Extinction describes the complete cessation of a species or higher taxon level, reducing biodiversity

  • Extinctions can occur gradually as one population of organisms evolves into something else (phyletic extinction)
  • Alternatively, a species may not leave any identifiable descendents and simply cease to exist (abrupt extinction)

It can be very difficult to determine the moment of extinction, and so most categorisations are usually done retrospectively

  • Occasionally species thought to be extinct can be rediscovered after a period of time (Lazarus taxa)

Over 99% of all species that ever lived on Earth are considered to be extinct (estimated to amount to over 5 billion species)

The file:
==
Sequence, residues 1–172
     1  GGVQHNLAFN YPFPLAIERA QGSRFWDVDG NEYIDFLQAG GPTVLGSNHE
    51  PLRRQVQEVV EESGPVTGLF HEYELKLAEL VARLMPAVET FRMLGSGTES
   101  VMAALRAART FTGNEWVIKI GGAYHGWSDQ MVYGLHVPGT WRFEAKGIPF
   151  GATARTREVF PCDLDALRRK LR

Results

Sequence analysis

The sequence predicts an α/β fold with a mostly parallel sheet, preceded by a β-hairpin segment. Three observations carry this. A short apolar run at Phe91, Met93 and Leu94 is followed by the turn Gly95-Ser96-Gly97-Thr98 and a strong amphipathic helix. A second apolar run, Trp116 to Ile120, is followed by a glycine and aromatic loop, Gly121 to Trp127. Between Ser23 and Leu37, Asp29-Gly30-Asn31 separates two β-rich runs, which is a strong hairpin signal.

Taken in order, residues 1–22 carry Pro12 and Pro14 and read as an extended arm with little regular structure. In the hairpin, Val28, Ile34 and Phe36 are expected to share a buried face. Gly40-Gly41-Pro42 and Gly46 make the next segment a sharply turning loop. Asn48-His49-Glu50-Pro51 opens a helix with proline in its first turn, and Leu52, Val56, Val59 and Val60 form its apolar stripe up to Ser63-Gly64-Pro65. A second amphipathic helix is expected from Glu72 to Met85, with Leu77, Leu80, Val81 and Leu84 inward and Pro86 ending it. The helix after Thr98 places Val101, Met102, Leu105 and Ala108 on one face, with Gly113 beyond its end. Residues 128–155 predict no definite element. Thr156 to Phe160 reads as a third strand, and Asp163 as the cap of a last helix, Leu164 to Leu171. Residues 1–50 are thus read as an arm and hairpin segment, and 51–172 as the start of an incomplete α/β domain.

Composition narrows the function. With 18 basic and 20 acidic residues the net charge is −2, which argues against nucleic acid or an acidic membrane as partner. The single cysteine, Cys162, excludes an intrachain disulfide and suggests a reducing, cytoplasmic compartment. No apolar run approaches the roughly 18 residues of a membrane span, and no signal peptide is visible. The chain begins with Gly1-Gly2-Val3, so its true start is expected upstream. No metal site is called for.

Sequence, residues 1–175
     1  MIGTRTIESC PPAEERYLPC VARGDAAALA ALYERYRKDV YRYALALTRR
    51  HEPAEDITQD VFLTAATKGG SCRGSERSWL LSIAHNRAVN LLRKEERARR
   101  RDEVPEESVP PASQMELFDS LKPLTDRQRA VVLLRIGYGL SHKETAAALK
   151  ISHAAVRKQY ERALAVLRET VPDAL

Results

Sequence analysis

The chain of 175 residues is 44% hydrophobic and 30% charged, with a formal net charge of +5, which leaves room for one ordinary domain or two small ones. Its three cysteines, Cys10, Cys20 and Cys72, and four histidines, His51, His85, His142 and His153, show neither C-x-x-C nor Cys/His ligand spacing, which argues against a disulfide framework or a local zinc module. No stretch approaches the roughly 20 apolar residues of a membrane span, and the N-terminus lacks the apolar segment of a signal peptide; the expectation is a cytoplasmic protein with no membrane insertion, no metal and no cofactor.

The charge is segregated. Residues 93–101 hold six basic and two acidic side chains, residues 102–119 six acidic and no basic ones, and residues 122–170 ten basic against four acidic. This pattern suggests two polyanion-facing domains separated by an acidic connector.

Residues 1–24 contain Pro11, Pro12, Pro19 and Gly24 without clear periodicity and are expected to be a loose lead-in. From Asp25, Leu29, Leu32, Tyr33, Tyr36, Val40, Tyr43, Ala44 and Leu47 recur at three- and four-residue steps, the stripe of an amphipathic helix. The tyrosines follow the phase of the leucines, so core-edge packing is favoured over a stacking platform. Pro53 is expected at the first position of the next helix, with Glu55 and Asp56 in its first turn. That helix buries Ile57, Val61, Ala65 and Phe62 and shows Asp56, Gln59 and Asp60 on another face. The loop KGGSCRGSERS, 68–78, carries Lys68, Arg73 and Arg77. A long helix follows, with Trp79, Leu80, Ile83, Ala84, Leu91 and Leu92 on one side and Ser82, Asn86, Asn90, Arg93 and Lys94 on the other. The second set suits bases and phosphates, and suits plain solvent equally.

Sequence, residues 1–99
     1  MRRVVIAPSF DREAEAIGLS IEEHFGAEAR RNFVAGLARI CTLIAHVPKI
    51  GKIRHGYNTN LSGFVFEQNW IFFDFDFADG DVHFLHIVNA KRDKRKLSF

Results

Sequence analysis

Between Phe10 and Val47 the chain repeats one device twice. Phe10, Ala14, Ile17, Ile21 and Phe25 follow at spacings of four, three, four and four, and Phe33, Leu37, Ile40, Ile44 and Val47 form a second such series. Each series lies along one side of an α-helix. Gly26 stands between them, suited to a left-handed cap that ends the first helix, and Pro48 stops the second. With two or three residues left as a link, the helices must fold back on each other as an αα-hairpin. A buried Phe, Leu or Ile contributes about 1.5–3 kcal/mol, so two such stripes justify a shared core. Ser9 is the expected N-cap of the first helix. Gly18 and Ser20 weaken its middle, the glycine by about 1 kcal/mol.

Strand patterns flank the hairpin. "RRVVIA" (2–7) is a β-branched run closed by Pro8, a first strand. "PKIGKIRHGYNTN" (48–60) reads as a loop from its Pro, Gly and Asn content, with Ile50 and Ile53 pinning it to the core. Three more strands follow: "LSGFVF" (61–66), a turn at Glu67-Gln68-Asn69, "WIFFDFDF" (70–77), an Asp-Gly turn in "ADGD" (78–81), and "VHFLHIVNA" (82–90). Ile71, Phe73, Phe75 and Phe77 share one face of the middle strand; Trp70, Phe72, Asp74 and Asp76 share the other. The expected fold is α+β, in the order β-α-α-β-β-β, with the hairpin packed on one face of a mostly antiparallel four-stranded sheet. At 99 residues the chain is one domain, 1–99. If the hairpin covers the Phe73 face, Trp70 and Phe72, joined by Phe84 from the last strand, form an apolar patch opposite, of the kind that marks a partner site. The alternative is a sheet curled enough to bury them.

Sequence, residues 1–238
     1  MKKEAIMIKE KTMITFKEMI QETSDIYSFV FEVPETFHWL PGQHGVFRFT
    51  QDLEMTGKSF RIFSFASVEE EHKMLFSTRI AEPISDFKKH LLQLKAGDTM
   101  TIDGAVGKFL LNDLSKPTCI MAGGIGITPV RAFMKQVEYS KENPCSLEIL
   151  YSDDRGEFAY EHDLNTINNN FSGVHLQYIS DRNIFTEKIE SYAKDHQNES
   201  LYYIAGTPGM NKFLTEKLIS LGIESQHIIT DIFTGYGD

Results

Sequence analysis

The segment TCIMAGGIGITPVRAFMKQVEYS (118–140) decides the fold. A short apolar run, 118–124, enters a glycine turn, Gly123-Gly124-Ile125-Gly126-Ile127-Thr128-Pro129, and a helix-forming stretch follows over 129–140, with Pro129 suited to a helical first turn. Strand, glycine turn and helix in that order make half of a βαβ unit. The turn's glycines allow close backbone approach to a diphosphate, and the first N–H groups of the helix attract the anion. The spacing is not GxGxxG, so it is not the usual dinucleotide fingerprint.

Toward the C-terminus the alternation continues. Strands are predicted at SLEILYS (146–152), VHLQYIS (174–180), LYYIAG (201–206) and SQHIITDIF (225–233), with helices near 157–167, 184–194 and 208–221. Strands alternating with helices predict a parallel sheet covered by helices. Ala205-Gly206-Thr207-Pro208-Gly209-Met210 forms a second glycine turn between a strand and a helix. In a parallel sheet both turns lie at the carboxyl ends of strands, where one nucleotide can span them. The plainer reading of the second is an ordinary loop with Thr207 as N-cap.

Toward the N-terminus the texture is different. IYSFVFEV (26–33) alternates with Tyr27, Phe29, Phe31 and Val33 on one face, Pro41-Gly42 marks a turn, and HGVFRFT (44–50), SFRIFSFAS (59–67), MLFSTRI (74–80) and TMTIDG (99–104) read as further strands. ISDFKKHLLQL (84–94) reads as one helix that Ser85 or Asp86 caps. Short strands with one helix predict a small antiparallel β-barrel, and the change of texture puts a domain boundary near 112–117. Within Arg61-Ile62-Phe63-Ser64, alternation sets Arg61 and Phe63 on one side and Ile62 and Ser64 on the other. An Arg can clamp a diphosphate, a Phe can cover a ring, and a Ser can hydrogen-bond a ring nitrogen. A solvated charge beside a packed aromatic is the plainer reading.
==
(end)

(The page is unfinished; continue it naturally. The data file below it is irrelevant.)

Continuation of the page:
• Occasionally, natural catastrophes may cause mass extinction events (large scale loss of species in relatively short period)

Case Study: Tasmanian Tiger

  • The Tasmanian tiger (Thylacinus cynocephalus) became extinct after the arrival of European settlers to Australia
  • The Tasmanian tigers would feed on introduced sheep and were subsequently hunted and poached by man
  • The loss of habitat to human development and lack of successful breeding programs led to population numbers dwindling
  • The last Tasmanian tiger died in captivity in 1936 and they were declared extinct by international standards in 1986
  • Aboriginal rock paintings suggest the Tasmanian tiger once lived on the mainland, but died out from predation / competition

Photo of a Tasmanian Tiger

tasmanian tiger